No master plan behind meteor flash
Joan and I were sitting in our hot tub Monday last week, staring up at the stars and wondering when — if ever — the rains would return to the B.C. interior, that day being our 66th without perceptible rainfall, when a brilliant flash lit up the eastern sky.
“Lightning?” Joan wondered. “The weather isn’t supposed to change until later this week.”
I started counting for the boom of thunder. Years ago, I learned that sound travels at roughly a thousand feet per second. If the boom follows the flash by five seconds, the centre of action is safely about a mile distant. (For a kilometre, about three seconds — a little closer.)
I quit counting after 10. Joan claims she heard a rumble, about 10 minutes later.
Which would be about right. Because the flash, we learned the next morning, had occurred more than 200 km away, directly over Kootenay Lake.
A hunk of rock left over from the formation of our solar system had smashed into the earth’s atmosphere over the little town of Boswell at the south end of Kootenay Lake; it blew up over Meadow Creek, slightly beyond the lake’s north end.
It blew up because it entered the upper reaches of the atmosphere at up to 250,000 km/h.
That’s about 10 times faster than a space shuttle’s re-entry. You may remember that overheating destroyed the Columbia shuttle, in 2003. Imagine the effect of an entry 10 times faster.
The sonic boom caused by its explosion shook houses in Kaslo and Nelson.
Technically, the flying rock was a meteoroid. If it burns up in the upper atmosphere, it’s called a bolide; colloquially, a “fireball.” It becomes a meteorite only if it survives long enough to hit the ground.
Jaymie Matthews, a professor of astronomy and astrophysics at the University of British Columbia, estimated that the meteoroid was about the size of a living room couch.
Alan Hildebrand, geoscience professor at the University of Calgary, estimated the couch’s weight at several tonnes.
If a mere flying couch can make that much bang and flash, I can only imagine what an asteroid 10 km in diameter would have done 66 million years ago, when it smashed into what’s now the Yucatan Peninsula in Mexico.
Apparently thousands of these space fragments hit the earth’s atmosphere every year. But few of them are seen. They’re too small to light up the sky. Especially during daylight hours. Or they arrive over under-populated regions like Canada’s far north. Or over the oceans, which cover three-quarters of the earth’s surface.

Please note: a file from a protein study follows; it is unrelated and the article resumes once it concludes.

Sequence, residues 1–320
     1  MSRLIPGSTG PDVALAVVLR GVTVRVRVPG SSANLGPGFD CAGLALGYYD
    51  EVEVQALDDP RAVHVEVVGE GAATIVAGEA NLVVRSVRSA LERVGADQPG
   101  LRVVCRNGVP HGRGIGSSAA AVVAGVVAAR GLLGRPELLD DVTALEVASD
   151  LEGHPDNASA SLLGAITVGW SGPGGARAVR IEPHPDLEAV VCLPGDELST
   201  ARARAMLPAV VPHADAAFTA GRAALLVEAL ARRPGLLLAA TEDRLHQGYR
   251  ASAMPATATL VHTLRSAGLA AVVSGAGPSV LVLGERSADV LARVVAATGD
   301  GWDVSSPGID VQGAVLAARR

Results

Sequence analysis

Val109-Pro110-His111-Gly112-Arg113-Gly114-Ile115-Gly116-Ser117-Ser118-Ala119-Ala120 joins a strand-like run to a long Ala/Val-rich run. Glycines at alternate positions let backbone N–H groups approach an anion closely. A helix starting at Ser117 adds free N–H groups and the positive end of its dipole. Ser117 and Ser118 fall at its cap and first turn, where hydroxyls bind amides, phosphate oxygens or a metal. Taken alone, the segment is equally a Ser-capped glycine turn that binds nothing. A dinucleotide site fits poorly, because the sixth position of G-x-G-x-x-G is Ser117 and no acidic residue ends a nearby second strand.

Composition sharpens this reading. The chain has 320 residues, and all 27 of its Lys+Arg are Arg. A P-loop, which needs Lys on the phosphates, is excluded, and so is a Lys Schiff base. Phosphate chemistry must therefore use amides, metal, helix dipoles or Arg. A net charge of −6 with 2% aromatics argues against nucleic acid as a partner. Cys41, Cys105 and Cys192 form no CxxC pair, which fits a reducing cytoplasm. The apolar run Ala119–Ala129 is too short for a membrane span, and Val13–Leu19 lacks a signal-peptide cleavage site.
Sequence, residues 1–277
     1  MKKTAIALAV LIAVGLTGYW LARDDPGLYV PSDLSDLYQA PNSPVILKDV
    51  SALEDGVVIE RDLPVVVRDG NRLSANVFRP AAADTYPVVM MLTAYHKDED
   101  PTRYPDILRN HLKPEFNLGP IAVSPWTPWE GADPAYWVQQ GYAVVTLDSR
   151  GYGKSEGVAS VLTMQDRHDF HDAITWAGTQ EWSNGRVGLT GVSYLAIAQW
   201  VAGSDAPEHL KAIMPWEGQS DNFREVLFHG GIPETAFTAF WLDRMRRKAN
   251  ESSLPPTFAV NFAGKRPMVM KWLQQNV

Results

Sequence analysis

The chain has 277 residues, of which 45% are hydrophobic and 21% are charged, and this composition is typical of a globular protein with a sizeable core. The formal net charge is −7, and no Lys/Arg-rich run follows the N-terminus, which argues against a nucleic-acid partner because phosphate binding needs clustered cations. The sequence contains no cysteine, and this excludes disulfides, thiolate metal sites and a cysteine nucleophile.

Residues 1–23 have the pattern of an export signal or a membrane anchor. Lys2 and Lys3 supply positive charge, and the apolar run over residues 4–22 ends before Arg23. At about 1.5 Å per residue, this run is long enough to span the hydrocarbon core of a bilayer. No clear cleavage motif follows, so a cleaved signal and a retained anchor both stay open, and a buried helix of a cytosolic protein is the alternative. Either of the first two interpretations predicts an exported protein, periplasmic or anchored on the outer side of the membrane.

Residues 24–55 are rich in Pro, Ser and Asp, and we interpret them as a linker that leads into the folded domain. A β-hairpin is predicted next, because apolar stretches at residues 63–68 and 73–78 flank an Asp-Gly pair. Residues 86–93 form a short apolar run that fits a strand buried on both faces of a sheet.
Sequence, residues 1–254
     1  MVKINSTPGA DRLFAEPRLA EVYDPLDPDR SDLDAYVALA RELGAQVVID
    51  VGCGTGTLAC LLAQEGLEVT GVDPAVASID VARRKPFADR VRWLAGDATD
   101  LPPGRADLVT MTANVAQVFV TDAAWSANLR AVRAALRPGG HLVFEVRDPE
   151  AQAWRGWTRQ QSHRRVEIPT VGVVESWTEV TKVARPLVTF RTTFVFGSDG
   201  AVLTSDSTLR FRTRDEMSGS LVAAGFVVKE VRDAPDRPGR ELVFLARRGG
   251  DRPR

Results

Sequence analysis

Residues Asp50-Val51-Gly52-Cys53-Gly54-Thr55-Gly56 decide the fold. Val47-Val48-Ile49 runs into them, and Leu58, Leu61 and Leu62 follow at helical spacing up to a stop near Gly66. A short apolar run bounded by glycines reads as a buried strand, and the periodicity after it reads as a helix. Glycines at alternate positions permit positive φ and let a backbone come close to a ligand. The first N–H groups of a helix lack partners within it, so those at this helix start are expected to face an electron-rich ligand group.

A fireball in the sky creates awe and wonder. A fireball that hits the earth causes fear and terror.
Especially if it smashes through a roof. Or hits a human being.
After natural disasters such as hurricanes Harvey and Irma, devastated victims wonder, “Why us? What did we do to deserve this?”
The dinosaurs might have asked themselves much the same question — if their minds were capable of formulating it — when their asteroid created a 180km crater.
Its fireball caused massive fires all over the world; the impact threw so much debris into the atmosphere that climate change killed off three-quarters of the earth’s species. Including those bemused dinosaurs. And what’s the answer? There isn’t one.
We humans don’t like to accept that things can happen by chance. We’re predisposed to believing in cause and effect.
Long before Isaac Newton formulated his Third Law of Motion — “For every action, there is an equal and opposite reaction” — our ancestors attempted to placate the gods of nature, hoping to ward off disasters like floods, earthquakes, volcanos, and hurricanes.
If things go wrong, we reason, we must have done something to deserve it. Or perhaps failed to do something, like offering enough sacrifices. Or prayers.
Modern science tells a different story. The universe is not a machine. We’re not dealing with cogs and gears. We’re dealing with probabilities. Among which is the infinitesimal probability of being hit by a meteorite. There is no master plan. There was no master plan to wipe out the dinosaurs.
There was no master plan to predestine that a particular chunk of rock, orbiting in empty space for five billion years since the formation of the solar system, should fall into the earth’s atmosphere at precisely 10:14 p.m. PDT on Monday, Sept. 4, to flash the length of Kootenay Lake before exploding so that a few of its meteorite fragments might fall into an unpopulated area and kill a specific earthworm in the forest floor.
There is no master plan. There are only probabilities. Which include chance.